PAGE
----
"You're quite good, you know." My foggy memory insists that Lloyd Cole once mentioned speaking those exact words to Neil Clark, lead guitarist in his old band The Commotions. But it may possibly have been Morrissey speaking to Marr. Whichever the case, the quote applies just as well to Lloyd Cole, as evidenced by the quite good nay, excellent Music in a Foreign Language.
It's been a lengthy trek for Cole, but he seems to have found his niche now. Founded in Glasgow in the early 1980s as a sizeable soul band, The Commotions quickly stripped down to a jangly quintet and released three albums of catchy, literate romantic rock before packing it in toward the end of the decade. Along the way they scored minor hits with songs like "Perfect Skin," "Lost Weekend," and "Jennifer She Said."
His solo career found him coming to America, growing his hair out, ditching his razor and hooking up with a crew of New York musicians, including guitarist Robert Quine (Lou Reed, the Voidoids), drummer Fred Maher (the Voidoids), and some guy named Matthew Sweet on bass. Despite the new cast of collaborators, he continued to work in the same general vein as The Commotions, albeit with a darker, urban lyrical cast on his self-titled debut. Cole then went on to dabble in string-sweetened orchestral music (much of Don't Get Weird on Me, Babe) and psychedelic/glam rock (Bad Vibes) before returning to his signature style on Love Story and, most recently, The Negatives. Now, sans The Negatives (his backing band from the album of the same name), Cole is very much alone on his latest, the exquisitely understated Music in a Foreign Language.
This latest effort finds Cole working in stripped-down fashion, his vocals working with the sparse instrumental accompaniment to haunting effect. These songs are some of the most gut-wrenching material he has birthed, conveying a pronounced sense of resigned alienation far removed from the romanticism of his work with the Commotions. In opening with the title track he drives this home with cold precision, declaring "Whatever pale fire I had is gone/ But you don't want to hear that in a song" over a strummed nylon-string guitar, the chorus's delicate la-la-la-la-las doing nothing to lighten the mood. Cole's intent here? To deliver "Music in a foreign language/ Words that we don't understand/ Melodies won't come between us/ And even if you wanted/ We can't sing along."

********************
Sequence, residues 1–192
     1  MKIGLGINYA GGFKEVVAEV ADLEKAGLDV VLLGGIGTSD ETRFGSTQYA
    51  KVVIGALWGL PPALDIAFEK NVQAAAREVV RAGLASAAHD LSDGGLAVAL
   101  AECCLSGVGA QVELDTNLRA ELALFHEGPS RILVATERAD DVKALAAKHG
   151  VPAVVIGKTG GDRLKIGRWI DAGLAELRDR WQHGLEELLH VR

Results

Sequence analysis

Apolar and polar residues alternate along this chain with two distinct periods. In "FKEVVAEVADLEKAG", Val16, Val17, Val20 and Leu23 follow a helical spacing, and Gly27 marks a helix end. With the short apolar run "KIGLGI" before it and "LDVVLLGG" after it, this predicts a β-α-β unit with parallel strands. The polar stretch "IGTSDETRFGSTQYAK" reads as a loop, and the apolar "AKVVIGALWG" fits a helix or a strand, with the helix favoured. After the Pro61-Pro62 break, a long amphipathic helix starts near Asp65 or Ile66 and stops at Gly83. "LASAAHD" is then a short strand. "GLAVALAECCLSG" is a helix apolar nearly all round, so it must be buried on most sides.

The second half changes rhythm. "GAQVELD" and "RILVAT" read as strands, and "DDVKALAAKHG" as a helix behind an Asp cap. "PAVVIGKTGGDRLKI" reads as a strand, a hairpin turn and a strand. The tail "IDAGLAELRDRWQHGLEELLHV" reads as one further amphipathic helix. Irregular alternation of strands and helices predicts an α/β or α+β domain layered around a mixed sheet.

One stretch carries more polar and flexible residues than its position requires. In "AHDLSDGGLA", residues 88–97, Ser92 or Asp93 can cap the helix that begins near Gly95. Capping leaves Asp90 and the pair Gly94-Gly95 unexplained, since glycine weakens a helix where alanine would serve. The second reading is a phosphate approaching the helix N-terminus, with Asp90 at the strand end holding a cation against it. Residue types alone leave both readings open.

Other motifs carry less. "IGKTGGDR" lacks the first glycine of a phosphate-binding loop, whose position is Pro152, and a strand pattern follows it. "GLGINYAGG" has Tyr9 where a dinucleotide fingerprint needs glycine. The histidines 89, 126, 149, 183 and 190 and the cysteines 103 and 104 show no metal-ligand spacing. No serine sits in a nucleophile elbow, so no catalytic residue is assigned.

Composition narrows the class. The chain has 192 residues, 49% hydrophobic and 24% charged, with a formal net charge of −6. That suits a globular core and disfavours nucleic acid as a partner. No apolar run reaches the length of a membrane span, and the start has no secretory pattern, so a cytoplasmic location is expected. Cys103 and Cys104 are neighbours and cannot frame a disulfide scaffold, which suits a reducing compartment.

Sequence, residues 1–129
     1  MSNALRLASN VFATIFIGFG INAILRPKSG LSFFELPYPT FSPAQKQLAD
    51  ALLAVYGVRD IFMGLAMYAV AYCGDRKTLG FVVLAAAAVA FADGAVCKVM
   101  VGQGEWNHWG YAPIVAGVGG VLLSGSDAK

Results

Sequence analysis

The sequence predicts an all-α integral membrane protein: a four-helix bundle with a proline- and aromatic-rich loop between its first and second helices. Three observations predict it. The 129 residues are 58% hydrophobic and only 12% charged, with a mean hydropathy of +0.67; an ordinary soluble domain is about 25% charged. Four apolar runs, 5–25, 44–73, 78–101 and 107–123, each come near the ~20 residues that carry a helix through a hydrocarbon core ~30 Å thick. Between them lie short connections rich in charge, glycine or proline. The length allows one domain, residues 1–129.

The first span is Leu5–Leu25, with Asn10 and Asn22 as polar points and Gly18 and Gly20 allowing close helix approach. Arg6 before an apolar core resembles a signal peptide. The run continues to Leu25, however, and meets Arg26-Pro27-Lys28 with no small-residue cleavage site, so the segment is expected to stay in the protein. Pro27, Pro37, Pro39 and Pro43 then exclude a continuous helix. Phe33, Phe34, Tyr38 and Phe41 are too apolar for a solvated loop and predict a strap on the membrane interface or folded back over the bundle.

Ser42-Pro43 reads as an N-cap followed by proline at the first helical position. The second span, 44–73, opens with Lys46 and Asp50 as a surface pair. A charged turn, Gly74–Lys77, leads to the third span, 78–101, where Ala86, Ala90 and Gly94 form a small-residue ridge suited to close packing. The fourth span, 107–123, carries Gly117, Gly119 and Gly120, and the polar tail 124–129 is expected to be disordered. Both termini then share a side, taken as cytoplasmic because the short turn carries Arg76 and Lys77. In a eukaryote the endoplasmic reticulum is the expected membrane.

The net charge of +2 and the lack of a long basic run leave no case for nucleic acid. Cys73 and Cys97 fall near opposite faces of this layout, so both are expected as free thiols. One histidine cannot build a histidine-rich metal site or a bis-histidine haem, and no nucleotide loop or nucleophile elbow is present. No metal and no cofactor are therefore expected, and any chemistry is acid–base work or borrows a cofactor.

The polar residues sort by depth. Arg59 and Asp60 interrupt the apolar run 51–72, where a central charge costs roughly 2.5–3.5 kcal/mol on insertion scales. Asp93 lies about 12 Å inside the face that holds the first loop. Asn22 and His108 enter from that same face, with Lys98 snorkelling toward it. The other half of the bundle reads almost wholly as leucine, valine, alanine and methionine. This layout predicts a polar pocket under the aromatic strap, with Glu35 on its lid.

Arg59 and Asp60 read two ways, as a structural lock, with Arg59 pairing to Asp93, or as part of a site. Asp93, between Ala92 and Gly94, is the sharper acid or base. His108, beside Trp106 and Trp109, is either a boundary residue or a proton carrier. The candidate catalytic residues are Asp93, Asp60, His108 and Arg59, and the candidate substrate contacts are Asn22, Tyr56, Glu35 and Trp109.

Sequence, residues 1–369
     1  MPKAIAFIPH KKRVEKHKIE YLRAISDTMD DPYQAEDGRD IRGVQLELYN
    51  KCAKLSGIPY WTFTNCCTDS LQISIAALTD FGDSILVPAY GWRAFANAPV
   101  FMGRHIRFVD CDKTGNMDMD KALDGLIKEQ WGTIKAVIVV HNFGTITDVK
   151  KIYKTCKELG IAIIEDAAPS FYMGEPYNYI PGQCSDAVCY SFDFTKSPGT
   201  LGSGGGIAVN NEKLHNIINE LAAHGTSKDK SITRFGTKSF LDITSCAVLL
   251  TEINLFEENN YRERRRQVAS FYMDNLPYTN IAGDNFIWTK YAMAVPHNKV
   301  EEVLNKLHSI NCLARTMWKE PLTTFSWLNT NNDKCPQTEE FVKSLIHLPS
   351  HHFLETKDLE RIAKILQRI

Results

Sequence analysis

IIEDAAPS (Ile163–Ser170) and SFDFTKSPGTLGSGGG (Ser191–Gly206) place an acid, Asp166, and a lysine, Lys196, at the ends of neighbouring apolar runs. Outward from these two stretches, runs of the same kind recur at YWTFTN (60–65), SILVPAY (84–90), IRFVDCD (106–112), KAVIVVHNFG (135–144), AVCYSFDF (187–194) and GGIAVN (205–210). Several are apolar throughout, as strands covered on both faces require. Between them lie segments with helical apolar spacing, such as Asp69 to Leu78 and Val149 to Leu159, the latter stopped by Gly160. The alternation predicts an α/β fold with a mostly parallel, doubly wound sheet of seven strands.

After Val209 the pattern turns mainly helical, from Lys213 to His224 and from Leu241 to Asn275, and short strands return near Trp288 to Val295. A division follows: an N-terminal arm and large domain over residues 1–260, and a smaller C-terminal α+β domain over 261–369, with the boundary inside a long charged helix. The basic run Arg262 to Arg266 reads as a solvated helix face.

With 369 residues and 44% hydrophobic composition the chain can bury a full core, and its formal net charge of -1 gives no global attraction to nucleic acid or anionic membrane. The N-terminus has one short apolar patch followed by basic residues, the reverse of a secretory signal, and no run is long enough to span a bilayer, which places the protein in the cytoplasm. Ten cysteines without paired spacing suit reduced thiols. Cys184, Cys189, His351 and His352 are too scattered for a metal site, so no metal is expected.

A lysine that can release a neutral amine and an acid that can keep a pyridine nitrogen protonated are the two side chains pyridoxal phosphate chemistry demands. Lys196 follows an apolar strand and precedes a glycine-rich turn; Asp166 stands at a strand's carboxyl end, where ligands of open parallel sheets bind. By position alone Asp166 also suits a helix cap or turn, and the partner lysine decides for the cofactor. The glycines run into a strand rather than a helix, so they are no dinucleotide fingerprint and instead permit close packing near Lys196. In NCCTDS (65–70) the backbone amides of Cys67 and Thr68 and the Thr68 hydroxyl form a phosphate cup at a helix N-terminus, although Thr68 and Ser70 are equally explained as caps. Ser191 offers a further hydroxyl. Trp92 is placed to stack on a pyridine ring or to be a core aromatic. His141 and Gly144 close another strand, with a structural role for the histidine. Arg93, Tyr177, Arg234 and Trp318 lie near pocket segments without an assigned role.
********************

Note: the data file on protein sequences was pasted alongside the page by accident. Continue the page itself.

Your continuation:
At this album's core lies a trio of very dark songs that do indeed challenge one to sing along. Over a forlorn picked chord and programmed percussive pulse, the narrator of "My Other Life" describes a horrific scene: "Clearly you can see that I am bleeding/ Clearly you can see my clothes are torn/ Clearly this demands an explanation/ Only I can offer none." He builds the scene in coldly clinical terms: "Witnesses have placed me at the crime scene/ Forensic evidence concurs/ Samples taken from under my fingernails/ Support the prosecution's case." But as the lyrical tale grows uglier, the music takes on an achingly gorgeous cast, swirling synthesized strings and haunting piano crafting a chiaroscuro, starkly contrasting with the pathetic portrait painted by his words. It is at this point that I realized just how accomplished a craftsman Cole has become.
"Today I'm Not So Sure" presents a relationship in limbo, with a self-described "man in descent" questioning his ability to remain committed to his spouse. "Didn't I promise always to/ Shelter and protect you/ Didn't I answer 'Yes, I do'/ Well, today I'm not so sure," the song begins, and there is no happy resolution coming over the remaining verses. The album-closing "Shelf Life" digs into similarly melancholy territory, Cole again singing over a picked nylon-string guitar, a metronome calling out a steady beat behind him, bits of sprightly piano failing to lighten the mood. Darkness falls with the album's final words: "No longer waiting for my prayers to be answered/ No longer waiting for my publisher's call/ No longer charming in my reminiscence/ Only immersed in a famed afterglow/ Now the night's drawing in/ I'm your unworthy friend/ At the ungodly end/ Of a lifetime."
Elsewhere on the album, things are somewhat brighter, though the title track, "My Other Life," "Today I'm Not So Sure" and "Shelf Life" cast a massive shadow over the remaining material. "Late Night Early Town" brings the album's sole grin with this line: "Oh Los Angeles/ How do you sleep?/ You seem so full of cocaine/ And self-belief." A stripped-down cover of Nick Cave's "People Ain't No Good" replaces Cave's slurred sneer with Cole's quiet resignation.
Music in a Foreign Language is an absolute masterpiece that eclipses anything Lloyd Cole has done before. In stripping away the musical and lyrical excesses that occasionally detracted from his material in the past, he has left nothing but his raw, beating heart. Old beyond his years and talented beyond any measure, Cole has at last delivered an album to absolutely cherish.